Although his motives were debated and he was denounced for giving in to southern pressure, Douglas genuinely believed in popular sovereignty, the doctrine that the majority of territorial inhabitants should have the same right as those of a state to decide all domestic matters, including slavery. Claiming to be neutral about the morality of slavery, Douglas argued that American history showed the institution had been continued or abolished by local majorities, not by federal mandates, even in territories where Congress had prohibited it.
Douglas celebrated this diversity and vitality of local self-government. He had been raised in rural Vermont and moved to upstate New York with his widowed mother when he was 17 years old, leaving at age 20 years because the requirements to become a lawyer there were too stringent. In Illinois, the rules and enforcement were very loose; therefore, before his 21st birthday Douglas had opened his own law office and immediately gained political prominence. Diversity among the states had enabled him to rise, and he wanted to extend that diversity to territories, despite the constitutional provision (Article IV) that authorized Congress to make all rules and regulations for federal land.
A persuasive orator and a brilliant debater, Douglas secured overwhelming support for the Kansas-Nebraska Act in the Senate (37 votes to 14) on March 4, 1854, but opposition in the House delayed a vote until May 22, when it passed 113 to 100 with minor changes to which the Senate acceded. President Pierce signed it into law on May 30, more than six months after the original bill had been introduced. For Douglas, the highest moral goal was the preservation of the Union, and to that end, he expected the Kansas-Nebraska Act would serve as a compromise comparable to what he had helped achieve four years earlier. His faith in popular sovereignty as a democratic principle led him to inflate its appeal and underestimate the anger that repeal of the Missouri Compromise would provoke. His vision of popular sovereignty was also predicated on an indifference to slavery and its expansion, because he believed in the superiority of the white race. Moreover, he did not anticipate how problematic implementing self-determination in Kansas would be.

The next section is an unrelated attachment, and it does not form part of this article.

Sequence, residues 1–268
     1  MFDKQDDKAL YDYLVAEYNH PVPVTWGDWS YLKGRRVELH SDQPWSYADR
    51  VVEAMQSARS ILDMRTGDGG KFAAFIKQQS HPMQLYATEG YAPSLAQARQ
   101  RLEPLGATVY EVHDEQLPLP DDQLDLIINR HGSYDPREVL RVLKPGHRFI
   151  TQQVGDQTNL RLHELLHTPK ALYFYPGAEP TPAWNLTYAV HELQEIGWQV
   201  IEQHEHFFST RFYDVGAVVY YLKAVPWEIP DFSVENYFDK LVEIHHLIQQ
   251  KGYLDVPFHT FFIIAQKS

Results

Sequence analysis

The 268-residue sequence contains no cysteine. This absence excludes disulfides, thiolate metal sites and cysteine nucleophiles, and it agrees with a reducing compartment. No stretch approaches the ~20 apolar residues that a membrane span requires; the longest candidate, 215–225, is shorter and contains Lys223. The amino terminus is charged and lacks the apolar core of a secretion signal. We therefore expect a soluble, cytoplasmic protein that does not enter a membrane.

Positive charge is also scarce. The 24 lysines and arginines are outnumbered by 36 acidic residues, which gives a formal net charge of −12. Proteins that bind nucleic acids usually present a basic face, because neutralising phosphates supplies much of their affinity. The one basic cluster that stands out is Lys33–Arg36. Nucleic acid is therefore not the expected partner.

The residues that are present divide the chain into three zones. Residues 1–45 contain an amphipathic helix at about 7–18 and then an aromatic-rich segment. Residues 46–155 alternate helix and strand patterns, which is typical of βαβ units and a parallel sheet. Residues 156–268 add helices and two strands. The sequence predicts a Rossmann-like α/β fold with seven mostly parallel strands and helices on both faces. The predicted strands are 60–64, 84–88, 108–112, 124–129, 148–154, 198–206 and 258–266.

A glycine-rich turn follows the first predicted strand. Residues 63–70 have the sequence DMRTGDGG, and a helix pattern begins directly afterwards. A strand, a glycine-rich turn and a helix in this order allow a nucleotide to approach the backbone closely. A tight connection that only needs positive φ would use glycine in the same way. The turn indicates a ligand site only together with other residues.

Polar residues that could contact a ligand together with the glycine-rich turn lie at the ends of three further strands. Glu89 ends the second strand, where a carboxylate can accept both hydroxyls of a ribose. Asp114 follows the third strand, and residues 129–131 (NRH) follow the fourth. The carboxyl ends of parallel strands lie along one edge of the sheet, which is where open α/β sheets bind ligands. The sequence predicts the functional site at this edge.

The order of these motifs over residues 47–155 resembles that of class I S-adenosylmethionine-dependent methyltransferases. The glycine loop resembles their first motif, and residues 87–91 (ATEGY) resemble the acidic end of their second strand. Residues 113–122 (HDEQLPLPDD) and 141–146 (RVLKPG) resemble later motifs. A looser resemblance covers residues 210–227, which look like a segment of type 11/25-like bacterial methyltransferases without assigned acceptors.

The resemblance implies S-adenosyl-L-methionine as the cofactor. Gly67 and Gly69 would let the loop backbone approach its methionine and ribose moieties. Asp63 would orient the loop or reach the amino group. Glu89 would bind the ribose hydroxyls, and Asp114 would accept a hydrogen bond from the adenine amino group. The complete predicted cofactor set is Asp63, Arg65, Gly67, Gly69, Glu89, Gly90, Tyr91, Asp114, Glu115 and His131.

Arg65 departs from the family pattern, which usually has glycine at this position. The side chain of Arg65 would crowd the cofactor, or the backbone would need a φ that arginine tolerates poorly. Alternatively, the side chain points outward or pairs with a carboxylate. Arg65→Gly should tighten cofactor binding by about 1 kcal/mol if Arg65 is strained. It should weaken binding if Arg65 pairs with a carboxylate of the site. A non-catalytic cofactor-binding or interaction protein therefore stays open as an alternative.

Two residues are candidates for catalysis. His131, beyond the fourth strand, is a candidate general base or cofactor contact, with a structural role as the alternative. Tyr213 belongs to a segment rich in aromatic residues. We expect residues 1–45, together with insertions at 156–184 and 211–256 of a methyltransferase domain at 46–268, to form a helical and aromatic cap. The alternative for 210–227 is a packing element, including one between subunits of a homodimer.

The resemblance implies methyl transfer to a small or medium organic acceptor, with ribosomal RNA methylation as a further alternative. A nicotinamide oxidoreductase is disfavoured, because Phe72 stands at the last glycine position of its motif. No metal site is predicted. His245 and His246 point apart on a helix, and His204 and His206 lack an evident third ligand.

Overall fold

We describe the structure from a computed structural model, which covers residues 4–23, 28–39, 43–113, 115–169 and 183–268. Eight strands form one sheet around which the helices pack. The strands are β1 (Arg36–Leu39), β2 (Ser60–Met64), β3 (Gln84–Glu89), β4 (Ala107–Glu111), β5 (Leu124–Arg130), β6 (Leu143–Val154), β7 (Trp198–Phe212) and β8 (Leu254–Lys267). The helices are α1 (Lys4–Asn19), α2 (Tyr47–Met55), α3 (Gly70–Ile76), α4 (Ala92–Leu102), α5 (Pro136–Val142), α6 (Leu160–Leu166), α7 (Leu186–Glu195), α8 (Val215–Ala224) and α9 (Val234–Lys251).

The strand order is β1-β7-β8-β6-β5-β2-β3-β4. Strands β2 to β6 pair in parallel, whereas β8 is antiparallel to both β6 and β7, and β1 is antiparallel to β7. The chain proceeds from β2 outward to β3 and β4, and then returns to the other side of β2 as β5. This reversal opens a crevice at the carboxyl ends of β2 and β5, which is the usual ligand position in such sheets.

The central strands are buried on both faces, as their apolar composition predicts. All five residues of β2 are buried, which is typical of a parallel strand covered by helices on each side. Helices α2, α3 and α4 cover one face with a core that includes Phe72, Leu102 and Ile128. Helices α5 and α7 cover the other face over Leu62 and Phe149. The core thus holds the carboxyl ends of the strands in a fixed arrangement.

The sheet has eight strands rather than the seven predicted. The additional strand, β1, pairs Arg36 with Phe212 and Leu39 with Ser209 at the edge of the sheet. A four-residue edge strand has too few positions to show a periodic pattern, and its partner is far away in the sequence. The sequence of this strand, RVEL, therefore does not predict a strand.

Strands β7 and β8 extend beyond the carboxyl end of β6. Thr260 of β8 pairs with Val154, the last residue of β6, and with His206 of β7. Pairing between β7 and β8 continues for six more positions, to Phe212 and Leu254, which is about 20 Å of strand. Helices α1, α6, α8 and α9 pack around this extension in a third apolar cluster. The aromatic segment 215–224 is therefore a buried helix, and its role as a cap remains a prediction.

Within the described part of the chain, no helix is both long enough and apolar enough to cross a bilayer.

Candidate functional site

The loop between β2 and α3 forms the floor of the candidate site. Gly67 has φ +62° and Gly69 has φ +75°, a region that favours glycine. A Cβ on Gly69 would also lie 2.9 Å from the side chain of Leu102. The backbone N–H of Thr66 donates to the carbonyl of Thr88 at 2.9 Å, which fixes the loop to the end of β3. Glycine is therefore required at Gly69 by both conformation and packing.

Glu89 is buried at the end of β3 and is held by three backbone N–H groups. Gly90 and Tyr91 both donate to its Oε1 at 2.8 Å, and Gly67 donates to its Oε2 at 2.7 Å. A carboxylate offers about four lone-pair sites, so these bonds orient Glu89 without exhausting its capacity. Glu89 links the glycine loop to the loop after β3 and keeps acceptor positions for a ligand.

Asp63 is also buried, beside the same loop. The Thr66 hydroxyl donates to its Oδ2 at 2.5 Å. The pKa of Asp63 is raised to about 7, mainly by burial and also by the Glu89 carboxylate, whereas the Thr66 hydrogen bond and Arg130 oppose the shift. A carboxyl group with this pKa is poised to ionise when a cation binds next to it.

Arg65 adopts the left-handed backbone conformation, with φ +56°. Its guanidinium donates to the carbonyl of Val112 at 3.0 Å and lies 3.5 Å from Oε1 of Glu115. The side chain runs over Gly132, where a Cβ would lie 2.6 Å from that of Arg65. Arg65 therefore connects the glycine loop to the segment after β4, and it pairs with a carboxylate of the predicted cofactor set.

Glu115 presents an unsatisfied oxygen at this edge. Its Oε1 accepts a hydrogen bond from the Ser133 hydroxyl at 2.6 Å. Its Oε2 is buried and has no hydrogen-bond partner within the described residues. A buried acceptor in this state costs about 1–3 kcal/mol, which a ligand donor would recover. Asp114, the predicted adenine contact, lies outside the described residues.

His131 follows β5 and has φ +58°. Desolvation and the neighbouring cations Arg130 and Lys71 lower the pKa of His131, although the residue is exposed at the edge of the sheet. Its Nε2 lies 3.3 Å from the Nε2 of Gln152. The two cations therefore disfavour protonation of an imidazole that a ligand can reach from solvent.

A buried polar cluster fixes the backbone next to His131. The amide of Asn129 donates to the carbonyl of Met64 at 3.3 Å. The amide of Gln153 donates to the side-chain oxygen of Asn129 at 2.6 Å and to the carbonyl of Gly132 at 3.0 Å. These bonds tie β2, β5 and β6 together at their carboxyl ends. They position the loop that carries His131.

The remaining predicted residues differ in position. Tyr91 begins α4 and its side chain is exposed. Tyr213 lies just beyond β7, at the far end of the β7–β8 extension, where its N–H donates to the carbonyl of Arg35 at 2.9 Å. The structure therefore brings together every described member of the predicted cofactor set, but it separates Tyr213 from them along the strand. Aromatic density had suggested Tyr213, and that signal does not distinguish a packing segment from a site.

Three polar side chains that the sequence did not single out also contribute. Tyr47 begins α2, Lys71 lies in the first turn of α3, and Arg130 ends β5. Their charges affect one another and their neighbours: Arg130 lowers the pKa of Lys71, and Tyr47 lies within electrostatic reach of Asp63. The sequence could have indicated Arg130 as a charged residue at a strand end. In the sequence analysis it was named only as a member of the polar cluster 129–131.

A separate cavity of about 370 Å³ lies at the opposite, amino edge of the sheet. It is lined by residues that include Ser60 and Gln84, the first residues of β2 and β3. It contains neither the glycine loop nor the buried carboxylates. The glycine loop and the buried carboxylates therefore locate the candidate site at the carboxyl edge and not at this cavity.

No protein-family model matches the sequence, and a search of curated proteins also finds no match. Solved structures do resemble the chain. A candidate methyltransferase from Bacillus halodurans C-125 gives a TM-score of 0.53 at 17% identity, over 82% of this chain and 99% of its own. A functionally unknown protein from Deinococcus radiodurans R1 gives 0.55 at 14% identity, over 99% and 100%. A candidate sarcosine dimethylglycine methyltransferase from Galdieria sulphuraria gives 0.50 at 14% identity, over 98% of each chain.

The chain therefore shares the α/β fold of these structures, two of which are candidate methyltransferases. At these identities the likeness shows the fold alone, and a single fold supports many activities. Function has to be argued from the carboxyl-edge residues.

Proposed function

The Kansas-Nebraska Act demonstrates how public policy can have unintended consequences. In the aftermath of the Kansas-Nebraska Act came the transformation of the political party system and a bloody multiyear fight over slavery in Kansas. With sectional ties in the North and South threatening to override party loyalty, Douglas had intended to heal the sectional divisions over slavery that threatened the nation and the national party system. But while northern Democrats in the House split their votes evenly on the Kansas-Nebraska Act, all but two southern Democrats supported it. All northern Whigs opposed it, as did one-third of the southern Whigs in the House and two members of the Senate. The motivation of southern Whigs who joined their northern colleagues against the bill was expressed by Senator John Bell of Kentucky: “The tendency of this bill is to stimulate the formation of a sectional party organization . . . the last and most fatal evil which can befall this country, except the dissolution of the Union.”